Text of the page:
I quit my job last week.
It was a good job, at a great company, with awesome people. I am extremely grateful that I managed to land such a solid job straight out of college.
But, it wasn’t the job for me.
To be completely honest, the reason why I went into consulting in the first place is because I didn’t really know what I wanted to do with my life. But, now I do.
The night before I submitted my two weeks notice, I was up until 3 AM finishing this blog post. There would have been no consequences if I didn’t finish it that night, but that’s the thing — I don’t even need to rely on consequences or any external pressures to motivate me to work on my blog (like I do with most other things).
Over the past two and a half years, I’ve poured hundreds and hundreds of hours into this blog, solely because I genuinely enjoy working on it. That doesn’t mean that it’s always easy to force myself to sit down and write, but I’m always happy that I did after.
Through my blog, I’ve been able to reach hundreds of thousands of people all across the world (and even had the chance to meet up with one of my readers in Germany this past summer!). It blows my mind and excites me and energizes me all at the same time. And that’s what I love so much about the Internet — its insane potential for reach.
And now, because of my blog, I’ve been given the opportunity to pursue my passion as a content marketing manager for an awesome start up called ProSky (if you’re looking for a job, check them out!). Needless to say, I accepted it.
Sometimes You Have To Take A Step Back To Move Forward
Before I quit my job, most of my family and friends were telling me to wait it out a little bit.
“It’s your first job out of college… It’s going to look bad if you leave so soon… You should stay for at least a year…”
I wasn’t planning on leaving so soon. My original plan was to stay for at least a couple years.
But, once I finally figured out that writing was my passion (only took me two and a half years…), I couldn’t wait any longer. And I knew that the longer I waited, the harder it’d be to leave.
I don’t know exactly what the next 5 years are going to look like for me, but I knew exactly what the next 5 years were going to look like if I stayed where I was at, and I knew for a fact that that was not what I wanted.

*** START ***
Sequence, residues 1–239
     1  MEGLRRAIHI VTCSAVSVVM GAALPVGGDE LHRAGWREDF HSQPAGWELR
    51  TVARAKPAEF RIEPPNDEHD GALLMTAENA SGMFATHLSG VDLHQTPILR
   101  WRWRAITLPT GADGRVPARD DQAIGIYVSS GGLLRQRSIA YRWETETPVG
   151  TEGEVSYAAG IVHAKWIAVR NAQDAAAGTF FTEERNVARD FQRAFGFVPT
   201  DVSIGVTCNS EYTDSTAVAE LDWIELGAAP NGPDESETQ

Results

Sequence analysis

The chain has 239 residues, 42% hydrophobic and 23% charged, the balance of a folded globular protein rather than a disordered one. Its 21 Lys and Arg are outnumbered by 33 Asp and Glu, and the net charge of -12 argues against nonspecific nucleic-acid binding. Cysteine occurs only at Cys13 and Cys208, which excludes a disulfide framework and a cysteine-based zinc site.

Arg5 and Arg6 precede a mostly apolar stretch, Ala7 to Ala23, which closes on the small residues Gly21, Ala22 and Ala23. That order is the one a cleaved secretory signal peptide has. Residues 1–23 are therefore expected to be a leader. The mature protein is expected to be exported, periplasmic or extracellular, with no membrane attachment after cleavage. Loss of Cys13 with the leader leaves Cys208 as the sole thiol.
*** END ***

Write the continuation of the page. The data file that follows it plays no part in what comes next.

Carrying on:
I don’t care if I didn’t meet some made-up standard for how long you have to stay at your first job out of college. Life is too short to waste time doing things that don’t contribute to your life vision.
As part of the year of focus, I’ve been trying to approach my life from the “Hell Yeah! or no” philosophy: if something doesn’t really excite me and make me say “Hell yeah! That would be awesome!” then I’m going to say no.
Imagine how much different the world would be if we only spent time doing things that actually mattered to us, with people who actually mattered to us. Too often we overcommit and say yes to too many things that we don’t actually care about. This helps no one and hurts everyone.
I know it’s impossible to spend 100% of your time doing only things that you enjoy, but I think the goal should be to eventually be spending at least the majority of your time doing things that you enjoy. Call me an idealist, but I think the world would be a much better place.
That being said, you can only take one step at a time. And sometimes, you have to take a step back (or, at least what might seem like a step back) in order to continue moving forward.
As excited as I am to start my new job, accepting this new job meant that I had to end my lease early and move back home with my parents (since the start up is in my hometown). I love my parents, but I loved the freedom of living on my own. And to most, moving back home would probably seem like a step backwards.